What is Educational Gymnastics?


The term educational gymnastics emerged in Great Britain in the 1950’s to describe a child-centered, non-competitive, creative approach to movement (i.e., body management).  Educational gymnastics is committed to the unique way each child moves and learns.  Each gymnast is challenged to solve problems, develop skills, and create movements at an appropriate level.  A major belief of educational gymnastics holds that it is within the capacity of all children to achieve excellence.   Educational gymnastics should encourage students to create movements and develop individualized sequences.


The Olympic style of teaching gymnastics relies on a convergent teaching style.  Here, there is one specific way to perform skills.  This style is unrealistic and inappropriate for students of varied skill levels and body types within a general physical education class.  An Olympic style might require a handstand (i.e., weight transfer to hands) to be performed with the arms, torso, legs, and toes perfectly aligned.  Conversely, educational gymnastics relies on a divergent teaching style.  Here, there are many ways for learners respond to movement problems. For example, an Olympic gymnast would perform a handstand with fingers spread on a mat shoulder width apart with the arms, head, torso, legs and feet in perfect vertical alignment with the toes pointing up.  In educational gymnastics, learners could respond to the movement problem of taking the body’s weight on the hands through a wide variety of movements that include taking the body’s weight on the hands and arms and kicking the feet up to a medium level to a handstand.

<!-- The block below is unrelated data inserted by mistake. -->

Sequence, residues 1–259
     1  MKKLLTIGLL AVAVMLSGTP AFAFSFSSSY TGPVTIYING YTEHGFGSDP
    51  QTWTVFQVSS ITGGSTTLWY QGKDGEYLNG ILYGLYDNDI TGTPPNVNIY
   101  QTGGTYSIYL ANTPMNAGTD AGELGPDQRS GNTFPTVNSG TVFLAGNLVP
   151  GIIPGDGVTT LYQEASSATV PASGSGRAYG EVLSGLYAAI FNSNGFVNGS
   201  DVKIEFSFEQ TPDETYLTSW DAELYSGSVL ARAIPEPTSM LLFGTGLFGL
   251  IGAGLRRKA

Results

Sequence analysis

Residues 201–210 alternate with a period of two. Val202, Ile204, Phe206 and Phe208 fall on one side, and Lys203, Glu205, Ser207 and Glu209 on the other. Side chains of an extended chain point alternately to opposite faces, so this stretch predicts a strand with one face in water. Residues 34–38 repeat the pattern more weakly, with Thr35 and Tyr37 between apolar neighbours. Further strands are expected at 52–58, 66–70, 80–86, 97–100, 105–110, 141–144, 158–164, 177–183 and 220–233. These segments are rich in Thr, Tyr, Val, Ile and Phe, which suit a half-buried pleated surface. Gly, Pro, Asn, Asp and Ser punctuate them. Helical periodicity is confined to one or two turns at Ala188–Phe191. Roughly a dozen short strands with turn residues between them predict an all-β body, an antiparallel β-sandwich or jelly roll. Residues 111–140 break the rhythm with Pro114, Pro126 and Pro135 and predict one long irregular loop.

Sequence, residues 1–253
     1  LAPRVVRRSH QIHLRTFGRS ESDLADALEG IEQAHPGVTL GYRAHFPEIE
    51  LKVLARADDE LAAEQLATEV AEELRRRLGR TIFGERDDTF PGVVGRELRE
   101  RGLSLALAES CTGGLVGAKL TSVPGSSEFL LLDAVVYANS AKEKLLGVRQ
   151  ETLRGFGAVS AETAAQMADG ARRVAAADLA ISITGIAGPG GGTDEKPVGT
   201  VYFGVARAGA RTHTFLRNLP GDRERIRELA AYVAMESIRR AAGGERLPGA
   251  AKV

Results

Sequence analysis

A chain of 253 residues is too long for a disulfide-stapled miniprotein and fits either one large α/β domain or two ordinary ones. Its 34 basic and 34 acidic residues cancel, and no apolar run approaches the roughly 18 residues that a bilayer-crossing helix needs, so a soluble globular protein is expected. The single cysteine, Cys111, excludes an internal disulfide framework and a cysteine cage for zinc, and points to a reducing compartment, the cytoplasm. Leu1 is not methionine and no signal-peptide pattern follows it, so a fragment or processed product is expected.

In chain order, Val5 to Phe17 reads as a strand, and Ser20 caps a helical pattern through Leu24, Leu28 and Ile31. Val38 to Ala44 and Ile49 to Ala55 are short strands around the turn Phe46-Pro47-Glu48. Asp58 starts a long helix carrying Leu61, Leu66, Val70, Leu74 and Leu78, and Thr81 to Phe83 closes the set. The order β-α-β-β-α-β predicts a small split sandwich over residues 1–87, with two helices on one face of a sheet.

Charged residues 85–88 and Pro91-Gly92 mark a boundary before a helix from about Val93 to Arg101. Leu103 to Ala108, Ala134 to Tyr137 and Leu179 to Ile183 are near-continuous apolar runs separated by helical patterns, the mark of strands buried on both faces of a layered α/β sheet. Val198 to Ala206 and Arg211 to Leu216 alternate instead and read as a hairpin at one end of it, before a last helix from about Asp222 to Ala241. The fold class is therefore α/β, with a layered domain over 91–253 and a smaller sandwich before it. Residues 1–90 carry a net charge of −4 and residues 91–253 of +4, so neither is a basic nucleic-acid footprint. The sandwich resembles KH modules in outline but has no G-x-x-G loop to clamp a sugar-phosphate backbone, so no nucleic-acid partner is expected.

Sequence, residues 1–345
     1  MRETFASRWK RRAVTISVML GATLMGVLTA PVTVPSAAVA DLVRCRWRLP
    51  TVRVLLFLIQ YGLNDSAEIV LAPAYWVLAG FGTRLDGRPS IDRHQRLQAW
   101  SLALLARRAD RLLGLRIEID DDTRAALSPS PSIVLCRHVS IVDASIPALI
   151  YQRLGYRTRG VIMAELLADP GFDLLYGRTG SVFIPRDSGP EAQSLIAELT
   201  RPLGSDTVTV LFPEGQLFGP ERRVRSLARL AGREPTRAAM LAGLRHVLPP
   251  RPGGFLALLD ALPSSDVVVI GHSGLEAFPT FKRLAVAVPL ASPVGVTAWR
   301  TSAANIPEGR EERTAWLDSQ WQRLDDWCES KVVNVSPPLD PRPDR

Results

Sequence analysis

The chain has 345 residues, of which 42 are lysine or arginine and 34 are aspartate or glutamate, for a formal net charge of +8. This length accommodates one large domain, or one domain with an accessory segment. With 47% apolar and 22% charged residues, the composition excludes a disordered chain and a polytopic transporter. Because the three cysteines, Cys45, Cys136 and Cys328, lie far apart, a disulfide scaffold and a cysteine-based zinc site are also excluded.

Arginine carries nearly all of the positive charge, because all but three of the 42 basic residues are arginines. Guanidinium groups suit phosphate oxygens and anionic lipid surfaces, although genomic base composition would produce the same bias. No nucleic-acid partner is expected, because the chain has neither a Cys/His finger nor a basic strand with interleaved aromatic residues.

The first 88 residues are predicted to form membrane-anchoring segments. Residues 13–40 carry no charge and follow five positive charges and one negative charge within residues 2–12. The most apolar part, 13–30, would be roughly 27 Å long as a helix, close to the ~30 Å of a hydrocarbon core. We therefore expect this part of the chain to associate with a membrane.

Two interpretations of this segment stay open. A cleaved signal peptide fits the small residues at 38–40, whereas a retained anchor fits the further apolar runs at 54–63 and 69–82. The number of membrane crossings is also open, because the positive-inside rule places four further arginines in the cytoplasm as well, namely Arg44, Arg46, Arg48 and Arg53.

Educational gymnastics includes general categories of movement such as travel, weight transfer, balance, jumping/flight/landing and rotation.  These skills are developed with emphasis on space, effort and relationships aspects.  In this type of gymnastics students learn how to manage their body rather than perform a skill in a highly specific manner.   Teachers should provide learning experiences using as much of the movement framework as possible.  They should understand the movement framework and how to use it in order to differentiate learning experiences.  This helps us be more inclusive of students with diverse abilities. Subsequently, gymnastics will be more meaningful and rewarding for students.